We, as a society, have got to change. This unhealthy focus on appearance has to stop. It's all pervasive -- every magazine, TV show, movie, video game seems to be just a disguise for a how-to guide on how we're supposed to look, feel, and act.
High School students under the age of 19 account for approximately one-third of all newly diagnosed sexually transmitted infections in New York State. And not surprisingly, teen mothers are much less likely to graduate from high school than their peers who didn't give birth.
To shed anxiety-driven notions about talking to children about sex, we adults need simply to identify and revisit the maladaptive associations we absorbed early in life and use our "we're all grown up now" good sense and perspective to whack them apart.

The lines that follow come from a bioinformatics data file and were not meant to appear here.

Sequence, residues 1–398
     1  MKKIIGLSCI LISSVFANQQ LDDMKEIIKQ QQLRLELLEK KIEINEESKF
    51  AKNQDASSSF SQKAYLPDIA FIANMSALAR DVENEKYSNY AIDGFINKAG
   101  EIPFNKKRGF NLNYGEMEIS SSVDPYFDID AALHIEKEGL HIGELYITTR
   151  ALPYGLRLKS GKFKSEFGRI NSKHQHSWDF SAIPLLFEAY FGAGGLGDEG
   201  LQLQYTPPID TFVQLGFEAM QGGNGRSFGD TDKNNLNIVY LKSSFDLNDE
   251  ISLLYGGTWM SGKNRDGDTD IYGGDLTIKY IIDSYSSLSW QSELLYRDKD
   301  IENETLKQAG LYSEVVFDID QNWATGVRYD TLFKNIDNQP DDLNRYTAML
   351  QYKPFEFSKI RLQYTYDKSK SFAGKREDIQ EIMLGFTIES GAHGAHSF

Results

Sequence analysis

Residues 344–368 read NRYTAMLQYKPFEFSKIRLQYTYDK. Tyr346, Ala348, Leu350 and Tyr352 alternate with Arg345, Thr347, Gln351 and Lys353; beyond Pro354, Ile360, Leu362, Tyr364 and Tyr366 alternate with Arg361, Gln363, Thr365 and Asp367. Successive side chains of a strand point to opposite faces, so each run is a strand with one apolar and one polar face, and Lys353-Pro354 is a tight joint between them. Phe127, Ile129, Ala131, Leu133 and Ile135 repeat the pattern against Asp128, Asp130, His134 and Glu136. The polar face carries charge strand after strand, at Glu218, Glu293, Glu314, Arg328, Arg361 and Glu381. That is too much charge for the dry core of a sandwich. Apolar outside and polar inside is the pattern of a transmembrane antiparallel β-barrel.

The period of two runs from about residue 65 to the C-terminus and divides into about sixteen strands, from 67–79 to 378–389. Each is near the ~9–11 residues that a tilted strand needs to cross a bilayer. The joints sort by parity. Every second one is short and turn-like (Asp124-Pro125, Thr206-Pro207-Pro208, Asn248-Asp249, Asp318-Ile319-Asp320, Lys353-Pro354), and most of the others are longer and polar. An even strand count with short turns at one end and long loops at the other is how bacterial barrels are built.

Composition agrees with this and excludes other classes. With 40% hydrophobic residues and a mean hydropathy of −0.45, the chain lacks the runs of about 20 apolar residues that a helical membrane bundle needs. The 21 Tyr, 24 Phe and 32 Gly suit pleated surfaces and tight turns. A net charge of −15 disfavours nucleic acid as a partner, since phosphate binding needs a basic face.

The wellbeing of children is everybody's business, and everybody should mind that children are staring down the barrel of a glow-in-the-dark cheese doodle or sugar-laden cereal loop at foreshadowed health and foreshortened lives.
At the Bar Mitzvah, I couldn't help but think that the tribe had done this young man a great service, literally surrounding him with family and friends expressing loving affirmation and setting high expectations for his future.